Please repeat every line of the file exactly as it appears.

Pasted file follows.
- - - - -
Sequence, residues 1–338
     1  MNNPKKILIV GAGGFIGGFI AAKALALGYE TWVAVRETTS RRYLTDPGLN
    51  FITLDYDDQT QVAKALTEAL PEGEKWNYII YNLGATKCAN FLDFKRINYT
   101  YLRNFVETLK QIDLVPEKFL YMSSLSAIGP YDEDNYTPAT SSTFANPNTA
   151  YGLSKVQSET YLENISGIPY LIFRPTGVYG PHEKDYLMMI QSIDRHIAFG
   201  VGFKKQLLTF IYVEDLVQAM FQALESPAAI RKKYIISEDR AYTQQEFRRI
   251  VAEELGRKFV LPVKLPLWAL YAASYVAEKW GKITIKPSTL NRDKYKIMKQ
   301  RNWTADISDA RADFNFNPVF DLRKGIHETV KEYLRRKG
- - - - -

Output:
Sequence, residues 1–338
     1  MNNPKKILIV GAGGFIGGFI AAKALALGYE TWVAVRETTS RRYLTDPGLN
    51  FITLDYDDQT QVAKALTEAL PEGEKWNYII YNLGATKCAN FLDFKRINYT
   101  YLRNFVETLK QIDLVPEKFL YMSSLSAIGP YDEDNYTPAT SSTFANPNTA
   151  YGLSKVQSET YLENISGIPY LIFRPTGVYG PHEKDYLMMI QSIDRHIAFG
   201  VGFKKQLLTF IYVEDLVQAM FQALESPAAI RKKYIISEDR AYTQQEFRRI
   251  VAEELGRKFV LPVKLPLWAL YAASYVAEKW GKITIKPSTL NRDKYKIMKQ
   301  RNWTADISDA RADFNFNPVF DLRKGIHETV KEYLRRKG